Young women hold the key to success of 'sunless tanning' products, researcher finds
Sunless tanning—whether with lotions, bronzers or tanning pills—has been promoted as an effective substitute to dodge the health risks of ultraviolet rays, but if the products don't provide the perfect tan, young women likely will not use them, according to a Baylor University researcher.
"The feeling is 'I tan, I feel good, I'll look good tomorrow . . . What's health?'" said Jay Yoo, Ph.D., an assistant professor of family and consumer sciences in Baylor's College of Arts & Sciences. He conducted a study of 182 Caucasian female college students, with an average age of 19.7 years. In the study, published in the current issue of Household and Personal Care Today, they indicated that their appearance was the primary motivation.
"The study confirms that targeting appearance-conscious consumers, in particular young women, will be successful, as long as the quality of the tan is promising," he said. U.S. consumers account for 50 percent of global sales of over-the-counter self-tanning products. Young women, who are the most frequent users, are not concerned about skin cancer unless they see it in themselves, a family member or someone else they know, Yoo said. "And women ages 19 to 22 aren't worried about wrinkles and premature aging."
Participants were given a questionnaire listing 14 statements about appearance and asked to answer them on a five-point scale ranging from "strongly disagree" to "strongly agree." Those who strongly agreed with such statements as "Homely people have a hard time finding happiness" and "I should do whatever I can to always look my best" were more likely to use all of the sunless tanning items mentioned in the study, Yoo said.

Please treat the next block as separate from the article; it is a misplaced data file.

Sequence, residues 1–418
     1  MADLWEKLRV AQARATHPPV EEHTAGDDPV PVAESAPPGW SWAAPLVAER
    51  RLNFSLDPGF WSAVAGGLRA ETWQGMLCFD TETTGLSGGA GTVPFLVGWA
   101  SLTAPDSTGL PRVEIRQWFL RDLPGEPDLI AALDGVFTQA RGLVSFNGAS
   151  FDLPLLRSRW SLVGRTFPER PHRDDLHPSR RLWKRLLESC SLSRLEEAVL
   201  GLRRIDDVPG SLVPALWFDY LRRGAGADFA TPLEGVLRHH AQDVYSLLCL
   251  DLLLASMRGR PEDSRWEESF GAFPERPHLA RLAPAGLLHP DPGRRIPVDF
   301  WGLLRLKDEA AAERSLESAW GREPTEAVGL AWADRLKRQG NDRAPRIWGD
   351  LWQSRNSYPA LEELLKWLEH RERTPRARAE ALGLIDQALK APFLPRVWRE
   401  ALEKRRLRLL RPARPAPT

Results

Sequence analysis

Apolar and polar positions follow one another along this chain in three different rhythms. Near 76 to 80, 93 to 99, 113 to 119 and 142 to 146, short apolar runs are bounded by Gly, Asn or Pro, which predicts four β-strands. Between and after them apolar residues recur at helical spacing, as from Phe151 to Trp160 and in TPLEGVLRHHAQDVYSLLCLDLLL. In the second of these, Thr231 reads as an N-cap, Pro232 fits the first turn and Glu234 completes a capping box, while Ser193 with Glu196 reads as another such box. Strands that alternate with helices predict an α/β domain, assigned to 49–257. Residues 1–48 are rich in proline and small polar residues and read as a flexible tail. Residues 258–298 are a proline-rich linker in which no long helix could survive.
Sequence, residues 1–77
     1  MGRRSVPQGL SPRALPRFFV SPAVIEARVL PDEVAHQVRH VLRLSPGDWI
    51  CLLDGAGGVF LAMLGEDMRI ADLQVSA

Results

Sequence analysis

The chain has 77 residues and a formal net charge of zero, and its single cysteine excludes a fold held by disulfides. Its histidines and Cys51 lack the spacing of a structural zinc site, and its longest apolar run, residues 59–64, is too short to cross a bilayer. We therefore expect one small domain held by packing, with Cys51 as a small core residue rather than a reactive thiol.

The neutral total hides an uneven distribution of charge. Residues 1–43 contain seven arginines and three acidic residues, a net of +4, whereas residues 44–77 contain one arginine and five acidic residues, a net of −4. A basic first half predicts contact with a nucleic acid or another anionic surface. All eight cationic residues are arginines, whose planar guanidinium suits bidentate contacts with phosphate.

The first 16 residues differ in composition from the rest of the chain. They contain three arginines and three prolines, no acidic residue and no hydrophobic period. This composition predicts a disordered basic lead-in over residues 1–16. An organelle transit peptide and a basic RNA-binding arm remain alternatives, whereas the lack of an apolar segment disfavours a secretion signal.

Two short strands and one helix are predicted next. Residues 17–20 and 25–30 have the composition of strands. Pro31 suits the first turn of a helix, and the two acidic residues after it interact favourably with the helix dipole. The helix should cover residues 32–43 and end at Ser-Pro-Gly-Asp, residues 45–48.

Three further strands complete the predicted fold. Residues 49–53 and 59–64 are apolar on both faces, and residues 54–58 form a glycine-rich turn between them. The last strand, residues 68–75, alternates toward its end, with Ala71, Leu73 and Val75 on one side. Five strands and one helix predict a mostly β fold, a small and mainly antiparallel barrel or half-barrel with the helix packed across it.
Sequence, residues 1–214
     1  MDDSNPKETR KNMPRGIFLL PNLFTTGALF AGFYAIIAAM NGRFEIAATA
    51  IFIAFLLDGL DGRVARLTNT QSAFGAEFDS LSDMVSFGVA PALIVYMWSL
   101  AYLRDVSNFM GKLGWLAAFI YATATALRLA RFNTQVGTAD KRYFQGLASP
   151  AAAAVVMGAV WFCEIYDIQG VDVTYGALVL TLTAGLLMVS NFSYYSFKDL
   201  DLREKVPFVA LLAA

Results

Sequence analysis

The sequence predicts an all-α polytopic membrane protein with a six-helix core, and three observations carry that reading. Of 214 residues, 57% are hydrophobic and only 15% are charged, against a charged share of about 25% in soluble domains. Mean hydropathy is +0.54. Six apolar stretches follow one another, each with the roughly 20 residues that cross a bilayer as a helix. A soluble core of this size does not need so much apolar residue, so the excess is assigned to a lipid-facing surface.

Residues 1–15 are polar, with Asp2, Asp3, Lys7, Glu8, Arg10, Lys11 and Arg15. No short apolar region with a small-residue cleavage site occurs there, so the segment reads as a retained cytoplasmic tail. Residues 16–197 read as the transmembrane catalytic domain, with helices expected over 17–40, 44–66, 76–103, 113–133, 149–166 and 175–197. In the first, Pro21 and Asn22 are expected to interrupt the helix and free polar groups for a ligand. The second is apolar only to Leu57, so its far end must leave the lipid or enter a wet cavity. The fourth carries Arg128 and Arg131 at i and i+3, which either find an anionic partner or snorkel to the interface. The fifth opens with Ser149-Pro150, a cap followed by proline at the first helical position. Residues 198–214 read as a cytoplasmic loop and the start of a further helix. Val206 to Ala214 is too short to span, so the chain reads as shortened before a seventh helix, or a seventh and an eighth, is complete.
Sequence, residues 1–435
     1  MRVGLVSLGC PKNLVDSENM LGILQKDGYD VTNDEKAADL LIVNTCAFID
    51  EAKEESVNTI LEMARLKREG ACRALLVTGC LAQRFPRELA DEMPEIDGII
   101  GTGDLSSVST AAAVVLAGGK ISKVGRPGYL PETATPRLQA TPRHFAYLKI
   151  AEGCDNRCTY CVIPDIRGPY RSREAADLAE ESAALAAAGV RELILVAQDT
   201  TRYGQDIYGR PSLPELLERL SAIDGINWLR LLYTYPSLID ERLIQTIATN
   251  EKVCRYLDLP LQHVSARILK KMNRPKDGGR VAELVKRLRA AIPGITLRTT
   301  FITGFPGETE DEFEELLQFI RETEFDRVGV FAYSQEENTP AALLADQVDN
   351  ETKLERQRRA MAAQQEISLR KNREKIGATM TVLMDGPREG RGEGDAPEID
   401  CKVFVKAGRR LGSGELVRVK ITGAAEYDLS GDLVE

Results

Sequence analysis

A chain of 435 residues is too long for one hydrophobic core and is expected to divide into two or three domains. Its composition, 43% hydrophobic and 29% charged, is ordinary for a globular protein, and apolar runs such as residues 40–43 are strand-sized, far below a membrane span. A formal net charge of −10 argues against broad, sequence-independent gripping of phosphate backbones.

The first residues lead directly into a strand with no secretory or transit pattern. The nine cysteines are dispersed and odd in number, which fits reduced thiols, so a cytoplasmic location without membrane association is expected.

Young women in particular, who are more frequent users of tanning creams, gels, lotions and other products, see sunless tanning as a complement to UV (ultraviolet) tanning, but it should be promoted by manufacturers as "a substitute more than a complement," Yoo said.
The study showed that use of tanning creams, lotions and bronzers was more significant than other products – perhaps because some participants view bronzers more as cosmetics and because tanning gels and pills have not yet penetrated the market and may not be viewed as an alternative to UV tanning, Yoo said.
Participants' attitudes toward bronzers (powders/moisturers) was most positive, followed by tanning lotions, creams, sprays, "fake tanners" (such as towelettes), gels and pills. Shortcomings that might hinder use of sunless products included streakiness or an unnatural look or color.
Understanding consumer attitudes toward use of sunless tanning products is important for promotion of public health as well, Yoo said.
Previous research supported the notion that sunless tanning products became popular as public awareness about skin cancer increased and people decreased their amount of exposure to ultraviolet rays of the sun or tanning beds. But recent studies also have shown that other reasons are to avoid wrinkles, sun spots, sunburn or discomfort from being in the sun.
"In order to increase the use of the products as a safer alternative, it's important for manufacturers to find what will actually trigger use," Yoo said. "For some, it's 'Appearance, appearance, appearance.' But for others, the enjoyment of getting a tan can come from playing sports or engaging in outdoor social activities.
"For those people, tanning products should be idealized as a lifestyle choice by framing them as a fashion phenomenon or as something that plays an important part in those social and leisure activities, rather than using them indoors."
While sunless tanning products provide a safe alternative to UV tanning, people should be mindful that sunscreen also should be used.
Yoo, who teaches fashion theory and the history of dress, said that throughout much of history, light skin has been seen as desirable because it indicated a person was wealthy or refined rather than a member of lower classes who worked outside and were exposed to sun.
Tans caught on in the 1920s, when iconic designer Coco Chanel got sunburned while spending time in the French Riviera. Her fans liked the look and began emulating her.